I don't think anyone should be assessing themselves by weight, muscle weighs a lot more than fat, hence why overweight is an incorrect term, body builders are extremely overweight, but that doesn't mean they have excess fat just because they're heavy.
Telling people what the ideal weight should be is even more harmful - a lot of anorexic people have weight issues as opposed to size issues (i.e they find it harder to allow weight gain, even if their shape/size remains unchanged), wishing they were lighter because everyone is told that heavy=fat.
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Is plus-size modelling beneficial or harmful to society? watch
- 31-10-2015 19:24
- 31-10-2015 19:26
There's a reason why models are skinny and size 0's. Why don't people get this?
People who are tall and thin are perfect for modelling clothes because all eyes need to be on the clothes and not the models wearing them. They are like waling hangers. Clothes showcased on the catwalk can then be altered to fit your body type.
If you make people who are curvier/bigger/middle ground model, no one's attention would be on the clothes but on the model. Which is counter productive to the whole point of fashion shows.
(Original post by difeo)
- 31-10-2015 19:35
Oh yes silly me for assuming you mean all types of bodies when you say "I wish society celebrated all types of bodies".
I didn't mention super skinny bodies because this is a thread about overweight bodies/models, and there's far less of them in comparison to overweight anyway.
I had a feeling that you'd mention that this is a thread about overweight models, but seeing as you thought I was talking about 'all kinds' of bodies, surely that includes the other end of the spectrum as well.
What evidence do you have for fewer underweight models compared to the overweight models? Are you serious? Why do you think anorexia and self esteem issues are so prevalent amongst young people today? Why do you think that overweight models walking for a famous fashion house or designer make news? It's because they are rarely, if ever, seen. I know that some think models need to be stick thin so the 'clothes can hang off them properly', but I just do not believe there are more overweight models. Google 'fashion model' and not a single one is overweight.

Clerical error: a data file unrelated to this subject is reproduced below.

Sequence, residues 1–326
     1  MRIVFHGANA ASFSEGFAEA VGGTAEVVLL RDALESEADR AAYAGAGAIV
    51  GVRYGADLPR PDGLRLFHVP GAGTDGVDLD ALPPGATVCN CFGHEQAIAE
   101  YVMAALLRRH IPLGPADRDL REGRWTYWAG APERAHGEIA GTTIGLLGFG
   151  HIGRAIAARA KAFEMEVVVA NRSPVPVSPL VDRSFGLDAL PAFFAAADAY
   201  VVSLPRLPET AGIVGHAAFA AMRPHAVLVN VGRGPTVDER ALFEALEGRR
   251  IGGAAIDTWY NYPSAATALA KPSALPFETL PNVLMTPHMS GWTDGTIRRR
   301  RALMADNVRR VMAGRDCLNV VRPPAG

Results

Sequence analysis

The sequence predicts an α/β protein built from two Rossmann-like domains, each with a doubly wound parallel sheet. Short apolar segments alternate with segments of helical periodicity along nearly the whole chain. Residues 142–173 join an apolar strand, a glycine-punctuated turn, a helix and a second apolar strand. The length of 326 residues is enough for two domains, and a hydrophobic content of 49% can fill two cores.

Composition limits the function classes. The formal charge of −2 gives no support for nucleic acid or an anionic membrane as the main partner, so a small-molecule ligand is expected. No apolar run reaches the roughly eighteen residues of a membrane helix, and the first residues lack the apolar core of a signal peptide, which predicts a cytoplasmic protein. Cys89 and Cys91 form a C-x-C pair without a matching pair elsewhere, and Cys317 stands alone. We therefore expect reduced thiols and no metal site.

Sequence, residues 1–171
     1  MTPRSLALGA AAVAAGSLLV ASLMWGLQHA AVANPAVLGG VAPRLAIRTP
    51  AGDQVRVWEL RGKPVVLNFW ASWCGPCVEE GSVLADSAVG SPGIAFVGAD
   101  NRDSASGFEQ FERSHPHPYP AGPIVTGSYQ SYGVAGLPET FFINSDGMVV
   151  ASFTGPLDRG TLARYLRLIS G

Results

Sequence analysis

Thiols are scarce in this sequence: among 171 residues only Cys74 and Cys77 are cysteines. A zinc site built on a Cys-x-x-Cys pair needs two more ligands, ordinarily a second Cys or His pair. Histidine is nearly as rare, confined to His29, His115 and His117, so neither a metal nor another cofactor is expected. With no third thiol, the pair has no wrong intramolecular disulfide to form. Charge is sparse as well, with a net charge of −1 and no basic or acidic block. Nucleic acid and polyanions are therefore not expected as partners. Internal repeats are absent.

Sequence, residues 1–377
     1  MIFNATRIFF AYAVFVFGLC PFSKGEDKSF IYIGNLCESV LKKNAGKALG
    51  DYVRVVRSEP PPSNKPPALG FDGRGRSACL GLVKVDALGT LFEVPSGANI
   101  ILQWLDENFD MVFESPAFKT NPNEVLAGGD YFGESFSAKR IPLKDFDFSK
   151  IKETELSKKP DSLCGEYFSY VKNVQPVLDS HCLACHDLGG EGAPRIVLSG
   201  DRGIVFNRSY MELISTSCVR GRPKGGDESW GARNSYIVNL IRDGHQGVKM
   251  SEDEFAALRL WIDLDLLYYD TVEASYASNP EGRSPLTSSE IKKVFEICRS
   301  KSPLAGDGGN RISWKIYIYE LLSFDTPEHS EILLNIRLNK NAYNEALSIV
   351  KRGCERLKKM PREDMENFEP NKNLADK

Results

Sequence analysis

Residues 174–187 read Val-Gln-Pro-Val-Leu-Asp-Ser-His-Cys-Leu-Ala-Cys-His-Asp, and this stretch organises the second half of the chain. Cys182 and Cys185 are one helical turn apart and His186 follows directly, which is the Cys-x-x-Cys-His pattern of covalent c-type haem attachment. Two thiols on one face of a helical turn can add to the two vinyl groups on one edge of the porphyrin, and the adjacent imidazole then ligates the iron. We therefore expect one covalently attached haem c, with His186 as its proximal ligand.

- 31-10-2015 19:48
I think it depends on the model, and on what do you mean with "plus size". Sure a uk size 12-14 is a big bigger than the avg female (who is 5'4") should wear, but models who are between 5'9" and 6' would actually portray a healthier image of tall women than a size 4-6.
However, overweight and obese model such as Tess Munster are hamful as much as waif thin ones or even more, considering the obesity epidemic the western countries are going through. Neither of them is a healthy human shape.
(Original post by tsrabby)
- 31-10-2015 21:29
by all means healthy 'plus size' people should be allowed to model, its when its unhealthy and promoted by labelling it plus size that the line needs to be drawn, not all size 0 models are unhealthy though, my friend is probably a size 0 and she eats like a horse and has a healthy bmi so it depends.
- 31-10-2015 21:33
the models aren't obese
they may be overweight, but only to an extent that harms them socially rather than physically
no one says anything about underweight models and that promotes an unhealthy lifestyle too
(Original post by supernerdural)
- 31-10-2015 21:56
Plus size people exist, therefore we need plus size modelling because plus size people need to wear clothes too! Also, in the modelling industry, they count 'plus size' as size 12 or above. The vast majority of people are at least a size 12 because to be honest under that is unhealthy.
edit: I looked it up and plus size for modelling is size 10 or above. If you are under a size 10 you very badly need to gain weight